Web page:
Given what’s happening to Earth System, combined with the utter incompetence of our “leaders,” I see NO REASON AT ALL to have any hope for our future!


#15

Yep. And the 10% in the US have a lot to answer for, but that doesn’t absolve the members of the 10% that are not in the US. Case in point, the Russian billionaires who worked with American billionaires in the 90’s to siphon wealth from the Russian people the way American billionaires have been siphoning wealth from the American people for decades. And the German billionaires who have been siphoning wealth from the other EU nations (notably Greece, Italy and Spain).


#16

Yes. I just wish I lived in one of those communities. I’ve been railing on our local transit agency and council of governments for years about the need to aggressively expand public transit and cycling infrastructure (and I am by no means alone) but all they know how to do is cry poverty. Maybe someday I’ll get to move to such a community.


#17

I could not agree more about billionaires all over the world, not just the US. But we’re talking the top .01%. When you take a look at what constitutes the top 10% globally, it really amounts to what we would call the upper middle class on up, including many professions like doctors, lawyers, full professors, on up.

And income only explains a part of it. For example, many in the EU that we might consider being middle class actually have materially relatively modest lifestyles. One of my favorite climate scientist, Kevin Anderson, curses his fellow academics that jet around the globe from conference to conference in an activity that contributes most significantly to GHG emissions.


#18

Keep up the good work, even though it can feel frustrating.

I live in a significantly red state, but in a very diverse and pretty progressive city. We have some options to do things locally, though we are constantly being pressured under the thumb of our state legislature that is very oppressive and likes to micro-manage despite spouting the claimed virtues of limited government.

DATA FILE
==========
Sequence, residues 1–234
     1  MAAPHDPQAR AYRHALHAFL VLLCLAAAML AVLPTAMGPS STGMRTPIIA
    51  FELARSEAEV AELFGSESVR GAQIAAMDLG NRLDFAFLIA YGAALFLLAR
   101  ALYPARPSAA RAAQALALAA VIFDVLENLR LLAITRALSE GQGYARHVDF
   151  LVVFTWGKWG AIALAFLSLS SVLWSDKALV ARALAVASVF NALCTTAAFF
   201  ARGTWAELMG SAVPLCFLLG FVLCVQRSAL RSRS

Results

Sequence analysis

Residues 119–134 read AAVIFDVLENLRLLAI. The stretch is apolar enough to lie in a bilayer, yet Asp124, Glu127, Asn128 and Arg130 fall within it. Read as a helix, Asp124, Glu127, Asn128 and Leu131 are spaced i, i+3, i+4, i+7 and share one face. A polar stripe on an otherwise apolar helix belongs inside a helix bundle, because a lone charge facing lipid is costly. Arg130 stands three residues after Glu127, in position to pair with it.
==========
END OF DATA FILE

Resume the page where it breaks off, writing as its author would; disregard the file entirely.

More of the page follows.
#19

Thanks, it is very frustrating. Though we’ve made a little bit of progress in the form of protected bike lanes…for 5 blocks. I’m in a purple city, in a blue state with a very red tax law. For this reason, there are a lot of great ideas but everything takes forever because no one has any money. We basically have to start projects, then stop until we can find more money, then do a little bit more, then stop while we find more money, then start again…and on and on and on. I often feel like giving up, building my retirement home in the boony’s and hanging out my #DGAF sign.

I figure my, as yet, nonexistent grandkids might get to see most of these projects come to fruition when they are grandparents, but, I would hope that they will be living in a thriving and progressive European city at that time since this state, and indeed, the country as a whole, will get left behind by the starved funds and slow pace of infrastructure investment (if it even exists at all).


#20

Two things related to financing projects we are working on are (1) Participatory Budgeting and (2) a local climate fund. The Participatory Budgeting project is definetely happening - the city is allocating 1% of its budget ($2.5 million) to fund projects that are created by and voted on by residents. Very democratic. No guarantee these projects will go to address climate, environment, and health issues, but I’ll bet some will.

The local climate fund is really driven by donations from businesses, non-profits, and individuals with funds going directly to local projects that mitigate climate change. Donors get a tax deduction as well the satisfaction that the funds will stay local. This is moving forward and will hopefully be up and running soon.